York society, believes those times to have fewer thoroughly educated men, there been superior to the present. But the are more who have some education; actual generation will scarcely share in and if there are fewer real gentlemen, his opinion. The patriarchal forms of there are more who have some knowlsocial life had their advantages and edge of what good manners are. In the their charms, but they had also their older and earlier times, one man in a evils and miseries. For the patriarchs thousand may have been a model for themselves, or the leading families, who the Christian and the scholar; but now possessed wealth, culture, refinement, it is the thousand who are undergoing easy and courteous manners, and all the a transition, not into models, but into a means and appliances of agreeable inter- better state. The light which touches course, it was doubtless very pleasant; the pinnacles of the Alps may be a but for the common sort, for the work- purer and brighter light than that ing-people, the servants, the slaves, we which is mingled with the vapors of hardly think it so pleasant. Then, as the vales; but the latter is still light, now, they had to toil, but to toil with which will gradually purify itself from out the conveniences and the comforts miasmas and mists, and yet shine with a and the hopes of rising which relieve beautiful radiance. The civilization of the strain in our modern societies. Be- a community is to be measured not sides, in all cases, we look at the past, alone by the degrees of altitude, but by as we do at the remote, with some de- the degrees of latitude; not by the gree of illusion. We see its salient and scattered elevations to which it has prominent features only, its general climbed, but by the broadness of the characteristics, and not its details, fields over which it has been diffused. which are often ugly and harsh and repulsive. Sir Walter Scott, by the vigor of his poetic imagination, contrived to invest even feudalism with a One of the most interesting and senmost attractive garb; he got us in love sible papers read at a recent meeting of with knights and barons and tourna- the Social Science Association, was that ments and minstrels; but the readers by Mr. Fred. Law Olmstead on Public of history know that the feudal times, Parks and the Enlargement of Towns, in spite of their pomp and color and and we are glad to see that it bas been blazon, were the most awfully wretch- published in a pamphlet. It is full of ed times for the debased and ignorant suggestion and sound thought, the result masses that the world ever saw. They of many years of experience operating were times of universal rapine, blood- upon a vigorous brain and a noble heart. shed, cruelty, superstition, famine, and Mr. Olmstead begins by referring to the want. So our colonial societies may be almost irresistible tondency of populamade to take on a charming simplicity tion in all countries to gather into and heartiness and decorum ; but when towns. The time was when the best we come to look closer into them, as we sort of people liked living in the counare able to do now and then by private try, and the rural gentry were not only letters, &c. &c., we see them every whit the most cultivated, but the ruling class. as full of suffering and wrong as the Even in England, which has so long present times, with infinitely more been celebrated for its snug country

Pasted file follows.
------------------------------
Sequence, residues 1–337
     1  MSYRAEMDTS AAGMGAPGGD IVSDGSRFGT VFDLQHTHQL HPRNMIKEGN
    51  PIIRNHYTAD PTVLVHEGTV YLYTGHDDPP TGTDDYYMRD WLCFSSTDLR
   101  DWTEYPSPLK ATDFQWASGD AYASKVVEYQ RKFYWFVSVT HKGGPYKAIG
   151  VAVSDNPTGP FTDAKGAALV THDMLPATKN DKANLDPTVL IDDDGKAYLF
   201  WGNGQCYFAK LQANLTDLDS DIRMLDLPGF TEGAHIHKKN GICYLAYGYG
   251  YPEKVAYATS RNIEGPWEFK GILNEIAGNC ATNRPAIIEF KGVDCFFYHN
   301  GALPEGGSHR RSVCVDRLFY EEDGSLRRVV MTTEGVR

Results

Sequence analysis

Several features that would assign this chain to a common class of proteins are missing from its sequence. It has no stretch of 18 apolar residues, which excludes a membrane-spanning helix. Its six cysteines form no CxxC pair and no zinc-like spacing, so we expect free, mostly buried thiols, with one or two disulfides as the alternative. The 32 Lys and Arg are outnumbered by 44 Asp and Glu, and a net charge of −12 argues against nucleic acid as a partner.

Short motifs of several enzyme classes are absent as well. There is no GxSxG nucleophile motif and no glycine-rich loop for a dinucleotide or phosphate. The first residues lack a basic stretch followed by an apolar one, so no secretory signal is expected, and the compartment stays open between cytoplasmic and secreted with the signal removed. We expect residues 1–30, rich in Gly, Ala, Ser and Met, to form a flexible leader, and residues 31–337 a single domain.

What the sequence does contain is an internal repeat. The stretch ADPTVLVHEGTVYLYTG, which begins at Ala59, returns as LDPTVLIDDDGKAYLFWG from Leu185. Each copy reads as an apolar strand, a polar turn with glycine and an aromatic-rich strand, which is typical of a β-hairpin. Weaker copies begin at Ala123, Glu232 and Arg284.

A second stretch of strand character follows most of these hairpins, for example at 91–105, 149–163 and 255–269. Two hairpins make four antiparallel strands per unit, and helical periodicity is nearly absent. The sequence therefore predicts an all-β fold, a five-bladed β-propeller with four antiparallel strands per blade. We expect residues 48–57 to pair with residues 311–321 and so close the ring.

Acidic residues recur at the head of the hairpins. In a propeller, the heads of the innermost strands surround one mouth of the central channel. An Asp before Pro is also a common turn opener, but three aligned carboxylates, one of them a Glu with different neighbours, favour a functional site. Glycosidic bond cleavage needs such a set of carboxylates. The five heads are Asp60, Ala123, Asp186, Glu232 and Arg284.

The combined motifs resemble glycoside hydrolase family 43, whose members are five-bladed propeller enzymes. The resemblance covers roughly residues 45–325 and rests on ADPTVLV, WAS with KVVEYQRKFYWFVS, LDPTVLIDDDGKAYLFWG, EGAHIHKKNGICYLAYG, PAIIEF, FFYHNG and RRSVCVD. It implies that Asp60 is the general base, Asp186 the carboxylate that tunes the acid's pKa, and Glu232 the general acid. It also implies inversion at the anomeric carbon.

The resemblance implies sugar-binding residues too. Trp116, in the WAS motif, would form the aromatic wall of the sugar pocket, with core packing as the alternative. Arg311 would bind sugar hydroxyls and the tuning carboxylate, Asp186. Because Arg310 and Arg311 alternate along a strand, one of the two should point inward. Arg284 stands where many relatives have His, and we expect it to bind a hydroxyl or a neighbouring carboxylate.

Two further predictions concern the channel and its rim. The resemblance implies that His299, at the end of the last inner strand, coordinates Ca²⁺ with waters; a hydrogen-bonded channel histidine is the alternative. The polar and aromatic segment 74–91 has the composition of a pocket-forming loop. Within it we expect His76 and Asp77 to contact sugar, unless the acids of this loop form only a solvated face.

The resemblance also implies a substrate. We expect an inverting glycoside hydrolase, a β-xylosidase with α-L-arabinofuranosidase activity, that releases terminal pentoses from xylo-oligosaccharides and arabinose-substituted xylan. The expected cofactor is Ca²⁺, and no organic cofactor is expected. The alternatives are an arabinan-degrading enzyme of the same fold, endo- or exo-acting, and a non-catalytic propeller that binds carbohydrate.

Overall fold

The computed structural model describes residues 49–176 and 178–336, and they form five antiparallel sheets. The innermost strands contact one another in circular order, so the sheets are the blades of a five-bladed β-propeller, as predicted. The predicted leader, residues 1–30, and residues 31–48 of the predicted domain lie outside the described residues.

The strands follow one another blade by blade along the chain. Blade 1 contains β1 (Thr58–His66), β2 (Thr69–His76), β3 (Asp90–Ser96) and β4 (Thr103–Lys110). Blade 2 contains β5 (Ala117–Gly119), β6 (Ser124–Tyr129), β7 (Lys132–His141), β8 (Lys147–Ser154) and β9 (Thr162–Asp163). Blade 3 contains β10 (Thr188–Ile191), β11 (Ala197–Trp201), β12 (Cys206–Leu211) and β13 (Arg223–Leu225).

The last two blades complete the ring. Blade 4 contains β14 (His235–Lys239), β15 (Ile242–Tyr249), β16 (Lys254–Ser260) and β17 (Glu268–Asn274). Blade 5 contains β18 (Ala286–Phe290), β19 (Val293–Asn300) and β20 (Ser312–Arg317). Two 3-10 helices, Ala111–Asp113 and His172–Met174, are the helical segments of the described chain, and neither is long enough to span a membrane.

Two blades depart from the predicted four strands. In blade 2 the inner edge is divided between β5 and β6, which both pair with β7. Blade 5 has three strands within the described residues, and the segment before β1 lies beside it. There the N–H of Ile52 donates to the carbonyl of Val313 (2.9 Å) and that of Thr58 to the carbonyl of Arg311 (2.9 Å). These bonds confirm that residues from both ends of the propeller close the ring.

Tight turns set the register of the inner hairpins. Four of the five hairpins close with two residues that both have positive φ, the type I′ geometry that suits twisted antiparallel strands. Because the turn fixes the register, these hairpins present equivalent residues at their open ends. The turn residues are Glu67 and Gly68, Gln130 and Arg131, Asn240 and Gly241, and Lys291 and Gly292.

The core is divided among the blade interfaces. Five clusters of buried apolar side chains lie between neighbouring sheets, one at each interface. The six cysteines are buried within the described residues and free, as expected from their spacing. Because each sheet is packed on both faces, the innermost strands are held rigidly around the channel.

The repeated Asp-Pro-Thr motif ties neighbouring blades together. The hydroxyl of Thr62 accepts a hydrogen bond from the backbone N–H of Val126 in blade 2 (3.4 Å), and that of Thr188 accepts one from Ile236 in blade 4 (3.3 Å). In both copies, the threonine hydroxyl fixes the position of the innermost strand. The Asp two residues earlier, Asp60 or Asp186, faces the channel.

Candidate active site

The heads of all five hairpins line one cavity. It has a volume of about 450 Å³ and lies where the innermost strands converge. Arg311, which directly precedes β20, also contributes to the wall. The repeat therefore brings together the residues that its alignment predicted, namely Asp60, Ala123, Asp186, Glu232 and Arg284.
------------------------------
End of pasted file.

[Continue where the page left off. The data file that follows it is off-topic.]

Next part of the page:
As society grows in wealth homes, and beautiful estates, on which and numbers, the lower sort, that is, the the owners resided all the year round, rude and uncultivated sort, come more inaintaining a hospitable cheer, and keepand more to the top; they give a tone ing up the amusements of field and to the prevailing manners; vulgarity of hall, people are rushing to the cities. speech and bearing is more conspicuous; Our farmers' sons and daughters are not but all the while civilization is diffus- happy unless they have the prospect being itself and spreading. If there are fore them of ultimately settling in town.